OREGON STATE UNIVERSITY

Lecture Examines Bathing Practices of Europeans and Americans

05/12/2008

CORVALLIS, Ore. – A University of Pennsylvania scholar will give a free public lecture on May 19 at Oregon State University, during which she will compare the historic bathing practices of Americans and Europeans.

This third lecture in OSU’s 2007-08 American Culture & Politics series, titled “Civilizing Bodies in the Early Atlantic and Antebellum United States,” will be given by Kathleen Brown. It begins at 4 p.m. in Memorial Union Room 208.

For nearly three centuries, many ordinary Europeans and Euro-Americans regarded bathing with suspicion, as an unhealthy and immoral practice. This reluctance to bathe emerged despite long-standing Judeo-Christian traditions that equated bodily cleanliness with spiritual purity and a vibrant medieval culture of bathing in public bath houses, private baths, and mineral springs.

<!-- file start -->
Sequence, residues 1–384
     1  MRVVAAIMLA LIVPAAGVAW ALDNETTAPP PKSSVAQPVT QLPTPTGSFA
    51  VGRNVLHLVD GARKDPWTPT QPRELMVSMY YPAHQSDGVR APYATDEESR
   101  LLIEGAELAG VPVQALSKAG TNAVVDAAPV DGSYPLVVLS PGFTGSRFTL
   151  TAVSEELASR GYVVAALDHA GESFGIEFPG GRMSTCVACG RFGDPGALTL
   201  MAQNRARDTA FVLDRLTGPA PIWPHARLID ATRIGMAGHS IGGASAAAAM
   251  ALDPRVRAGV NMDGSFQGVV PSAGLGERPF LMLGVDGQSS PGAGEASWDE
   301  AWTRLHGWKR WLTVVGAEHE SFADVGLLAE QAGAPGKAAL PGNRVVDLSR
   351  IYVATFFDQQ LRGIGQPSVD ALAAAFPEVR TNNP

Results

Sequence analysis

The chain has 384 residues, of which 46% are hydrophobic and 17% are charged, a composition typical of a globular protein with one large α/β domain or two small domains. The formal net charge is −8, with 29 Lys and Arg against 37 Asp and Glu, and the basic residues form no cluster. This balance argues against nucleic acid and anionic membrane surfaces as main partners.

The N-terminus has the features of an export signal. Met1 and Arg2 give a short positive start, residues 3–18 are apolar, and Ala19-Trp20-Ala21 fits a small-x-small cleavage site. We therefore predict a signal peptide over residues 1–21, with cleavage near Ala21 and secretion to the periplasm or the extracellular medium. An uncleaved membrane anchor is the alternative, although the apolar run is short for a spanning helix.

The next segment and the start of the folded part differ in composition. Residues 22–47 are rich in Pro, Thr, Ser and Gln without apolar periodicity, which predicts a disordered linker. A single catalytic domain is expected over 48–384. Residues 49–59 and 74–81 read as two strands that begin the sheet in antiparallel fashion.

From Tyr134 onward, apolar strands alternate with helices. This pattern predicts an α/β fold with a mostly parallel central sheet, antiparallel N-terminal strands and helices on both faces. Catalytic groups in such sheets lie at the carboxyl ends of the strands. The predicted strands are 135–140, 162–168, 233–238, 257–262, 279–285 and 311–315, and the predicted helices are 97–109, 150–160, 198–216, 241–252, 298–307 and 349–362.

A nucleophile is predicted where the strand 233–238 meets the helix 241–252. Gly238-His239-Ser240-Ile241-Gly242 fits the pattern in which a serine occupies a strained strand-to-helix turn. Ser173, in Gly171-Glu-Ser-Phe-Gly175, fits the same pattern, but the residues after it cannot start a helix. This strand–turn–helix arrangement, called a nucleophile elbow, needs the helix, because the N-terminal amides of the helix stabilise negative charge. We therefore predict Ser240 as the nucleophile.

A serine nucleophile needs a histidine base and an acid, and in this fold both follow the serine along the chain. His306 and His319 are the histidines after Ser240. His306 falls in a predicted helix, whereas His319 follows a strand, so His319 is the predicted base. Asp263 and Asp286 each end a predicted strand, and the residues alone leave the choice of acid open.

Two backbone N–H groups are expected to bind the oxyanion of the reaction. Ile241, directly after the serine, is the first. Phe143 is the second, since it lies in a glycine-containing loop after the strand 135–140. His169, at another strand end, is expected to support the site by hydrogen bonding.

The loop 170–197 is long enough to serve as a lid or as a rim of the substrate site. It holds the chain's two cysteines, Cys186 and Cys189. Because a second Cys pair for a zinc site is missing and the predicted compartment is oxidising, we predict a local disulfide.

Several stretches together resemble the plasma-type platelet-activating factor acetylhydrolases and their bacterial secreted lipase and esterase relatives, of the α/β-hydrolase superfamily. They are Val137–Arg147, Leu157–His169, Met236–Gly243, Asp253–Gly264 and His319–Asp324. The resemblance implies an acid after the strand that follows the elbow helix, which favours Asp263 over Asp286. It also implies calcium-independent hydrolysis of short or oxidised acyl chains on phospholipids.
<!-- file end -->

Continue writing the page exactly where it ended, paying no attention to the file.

What happened to turn people against the bath? And how and why did they become convinced, several centuries later, that bathing was not only not dangerous, but a key to good health and moral virtue?

Brown’s talk addresses these major shifts in the history of the body, with special attention to the role of cultures in contact in the early Atlantic and the subsequent transformation in women’s reputations for bodily cleanliness. By the middle of the 19th century, bathing had been reinstalled as a cornerstone of good health and hygiene.

Brown received her Ph.D. in history from the University of Wisconsin, Madison. She is the author of “Good Wives, Nasty Wenches, and Anxious Patriarchs: Gender, Race, and Power in Colonial Virginia (1996)” and “Foul Bodies: Cleanliness in Early America (2008).” She teaches history at the University of Pennsylvania.

For more information, contact the History Department at 541-737-8560 or visit http://oregonstate.edu/cla/history/.